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06/08/2009 11:24 AM     print story email story  

Farmers Could Offset 25% of Global Emissions Annually - Report

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Innovations in food production and land use that are ready to be scaled-up today could reduce greenhouse gas emissions equivalent to roughly 25% of global fossil fuel emissions and present the best opportunity to remove greenhouse gases already in the atmosphere, according to a new report by the Worldwatch Institute and Ecoagriculture Partners.

As the price of carbon rises with new caps on emissions and expanding markets for carbon offsets, the contribution of land-based, or "terrestrial," carbon to climate change mitigation efforts could increase even further.

Carbon capture and sequestration technologies, which remain unproven and will not be ready for implementation for a decade at best, promise only to sequester greenhouse gases that have yet to be released into the atmosphere. Agricultural and other land use management practices, in contrast, are the only innovations available today to sequester greenhouse gases that are already in the atmosphere-pulling in carbon dioxide through photosynthesis to grow and sustain more plants.

Mobilizing agricultural carbon sequestration is therefore an essential tool in the effort to reduce the atmospheric concentration of greenhouse gases to the 350 parts-per-million level that many scientists argue we must achieve to avoid catastrophic climate change. A recent assessment published by Worldwatch in State of the World 2009: Into a Warming World found that emissions of carbon dioxide will have to "go negative"-with more being absorbed than emitted-by 2050 to achieve this goal.

"The science and policy communities in Europe and beyond have focused most of their attention to date on improving energy efficiency and scaling up renewables," said Ecoagriculture Partners' Sara Scherr, co-author of Mitigating Climate Change Through Food and Land Use with Sajal Sthapit. "While these initiatives are integral in the transition to a low-carbon economy, any strategy that seeks to mitigate global climate change without reducing emissions from agriculture, forestry, and other land uses is doomed to fail."

More than 30% of all human-caused greenhouse gas emissions are linked to agriculture and land use, rivaling the combined emissions of the transportation and industry sectors. The report outlines five major strategies for reducing and sequestering  greenhouse gas emissions through farming and land use:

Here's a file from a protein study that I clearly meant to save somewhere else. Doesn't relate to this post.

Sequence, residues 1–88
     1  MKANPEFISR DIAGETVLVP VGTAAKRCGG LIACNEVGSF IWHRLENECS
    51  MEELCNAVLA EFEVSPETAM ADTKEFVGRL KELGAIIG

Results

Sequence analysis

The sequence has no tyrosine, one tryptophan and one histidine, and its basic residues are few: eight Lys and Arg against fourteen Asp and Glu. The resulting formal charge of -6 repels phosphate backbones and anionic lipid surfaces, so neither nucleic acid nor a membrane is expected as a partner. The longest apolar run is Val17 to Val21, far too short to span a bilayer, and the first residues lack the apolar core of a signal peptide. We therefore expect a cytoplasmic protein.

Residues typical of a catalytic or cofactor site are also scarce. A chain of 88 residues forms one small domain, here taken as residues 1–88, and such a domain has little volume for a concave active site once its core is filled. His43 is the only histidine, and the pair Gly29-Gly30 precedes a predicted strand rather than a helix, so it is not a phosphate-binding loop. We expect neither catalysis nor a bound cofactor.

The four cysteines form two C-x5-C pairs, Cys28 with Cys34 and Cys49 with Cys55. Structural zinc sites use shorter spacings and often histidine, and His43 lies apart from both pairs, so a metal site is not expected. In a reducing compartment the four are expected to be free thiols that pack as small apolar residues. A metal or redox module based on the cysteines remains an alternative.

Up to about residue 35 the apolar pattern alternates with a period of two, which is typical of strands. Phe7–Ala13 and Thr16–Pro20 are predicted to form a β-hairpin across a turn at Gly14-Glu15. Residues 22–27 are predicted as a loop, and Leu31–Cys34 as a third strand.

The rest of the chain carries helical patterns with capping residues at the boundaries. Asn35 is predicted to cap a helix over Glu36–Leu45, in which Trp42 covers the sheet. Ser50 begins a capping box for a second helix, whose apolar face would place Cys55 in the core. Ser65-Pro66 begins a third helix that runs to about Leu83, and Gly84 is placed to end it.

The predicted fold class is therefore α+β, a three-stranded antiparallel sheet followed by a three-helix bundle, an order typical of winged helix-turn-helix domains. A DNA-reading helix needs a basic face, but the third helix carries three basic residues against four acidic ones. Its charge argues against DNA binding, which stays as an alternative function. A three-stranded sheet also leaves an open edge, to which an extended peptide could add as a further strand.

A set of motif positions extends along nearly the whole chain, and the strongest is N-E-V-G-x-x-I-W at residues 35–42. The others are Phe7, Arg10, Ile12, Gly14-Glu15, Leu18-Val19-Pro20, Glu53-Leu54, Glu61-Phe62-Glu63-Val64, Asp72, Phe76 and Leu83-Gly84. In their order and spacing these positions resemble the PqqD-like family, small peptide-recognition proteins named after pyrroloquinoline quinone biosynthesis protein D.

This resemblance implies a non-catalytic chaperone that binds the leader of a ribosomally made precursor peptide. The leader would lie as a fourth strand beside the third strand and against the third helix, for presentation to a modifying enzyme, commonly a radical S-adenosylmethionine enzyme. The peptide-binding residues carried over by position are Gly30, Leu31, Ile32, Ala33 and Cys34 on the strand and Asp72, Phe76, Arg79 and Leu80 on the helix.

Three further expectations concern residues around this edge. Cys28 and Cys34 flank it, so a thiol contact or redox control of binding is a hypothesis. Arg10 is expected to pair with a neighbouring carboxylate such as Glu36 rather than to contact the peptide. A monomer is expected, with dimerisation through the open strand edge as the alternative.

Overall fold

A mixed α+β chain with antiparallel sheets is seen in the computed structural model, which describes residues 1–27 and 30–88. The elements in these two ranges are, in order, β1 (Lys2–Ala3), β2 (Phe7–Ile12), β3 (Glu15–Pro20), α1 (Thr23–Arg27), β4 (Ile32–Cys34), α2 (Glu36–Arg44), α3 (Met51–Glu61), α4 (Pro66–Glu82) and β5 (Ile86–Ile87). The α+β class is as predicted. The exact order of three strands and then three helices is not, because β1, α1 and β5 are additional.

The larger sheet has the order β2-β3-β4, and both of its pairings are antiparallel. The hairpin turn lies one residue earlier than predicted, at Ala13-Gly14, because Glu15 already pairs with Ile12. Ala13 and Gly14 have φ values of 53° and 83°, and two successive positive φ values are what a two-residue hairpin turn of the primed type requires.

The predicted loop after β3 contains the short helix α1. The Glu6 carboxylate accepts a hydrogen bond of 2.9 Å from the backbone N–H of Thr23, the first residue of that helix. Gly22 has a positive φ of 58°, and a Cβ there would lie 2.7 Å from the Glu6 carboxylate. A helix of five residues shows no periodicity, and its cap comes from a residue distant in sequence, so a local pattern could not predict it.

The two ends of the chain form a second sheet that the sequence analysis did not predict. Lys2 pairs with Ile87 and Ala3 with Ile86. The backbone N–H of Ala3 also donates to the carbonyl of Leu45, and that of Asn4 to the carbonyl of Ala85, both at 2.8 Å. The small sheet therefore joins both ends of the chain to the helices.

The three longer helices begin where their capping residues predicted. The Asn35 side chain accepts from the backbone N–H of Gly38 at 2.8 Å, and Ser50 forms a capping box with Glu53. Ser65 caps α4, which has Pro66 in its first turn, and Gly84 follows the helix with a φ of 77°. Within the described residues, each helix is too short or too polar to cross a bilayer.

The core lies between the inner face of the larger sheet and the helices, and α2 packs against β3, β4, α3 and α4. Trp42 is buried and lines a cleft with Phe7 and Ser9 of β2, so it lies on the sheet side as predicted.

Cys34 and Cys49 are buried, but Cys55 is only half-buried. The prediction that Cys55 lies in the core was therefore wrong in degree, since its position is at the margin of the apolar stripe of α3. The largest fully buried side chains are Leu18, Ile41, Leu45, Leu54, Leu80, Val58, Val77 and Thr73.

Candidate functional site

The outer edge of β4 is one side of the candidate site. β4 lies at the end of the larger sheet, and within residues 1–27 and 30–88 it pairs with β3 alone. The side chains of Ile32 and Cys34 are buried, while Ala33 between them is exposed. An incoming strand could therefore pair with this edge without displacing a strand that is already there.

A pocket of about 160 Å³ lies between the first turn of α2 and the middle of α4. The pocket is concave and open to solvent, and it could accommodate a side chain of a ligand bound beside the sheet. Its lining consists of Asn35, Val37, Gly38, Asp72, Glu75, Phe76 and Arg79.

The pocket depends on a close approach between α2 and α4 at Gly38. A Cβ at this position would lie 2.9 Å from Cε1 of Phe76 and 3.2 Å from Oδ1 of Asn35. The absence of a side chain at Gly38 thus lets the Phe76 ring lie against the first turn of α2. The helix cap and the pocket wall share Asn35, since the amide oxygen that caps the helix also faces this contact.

1. Enriching soil carbon. Soil, the third largest carbon pool on Earth's surface, can be managed to reduce greenhouse gas emissions by minimizing tillage, cutting use of nitrogen fertilizers, and preventing erosion. Soils can store a vast amount of additional carbon by building up organic matter and by burying carbon in the form of biochar (biomass burned in a low-oxygen environment).
  2. Farming with perennials. Two-thirds of all arable land is used to grow annual grains, but there is large potential to substitute these with perennial trees, shrubs, palms, and grasses that produce food, livestock feed, and fuel. These perennials maintain and develop their roots and branches over many years, storing carbon in the vegetation and soil.
  3. Climate-friendly livestock production. Livestock accounts for nearly half of all greenhouse gas emissions from agriculture and land use. Innovations such as rotational grazing, manure management, methane capture for biogas production, and improved feeds and feed additives can reduce livestock-related emissions.
  4. Protecting natural habitat. Deforestation, land clearing, and forest and grassland fires are major sources of greenhouse gas emissions. Incentives are needed to encourage farmers, ranchers, and foresters to maintain natural forest and grassland habitats through product certification, payments for climate services, securing tenure rights, and community fire control.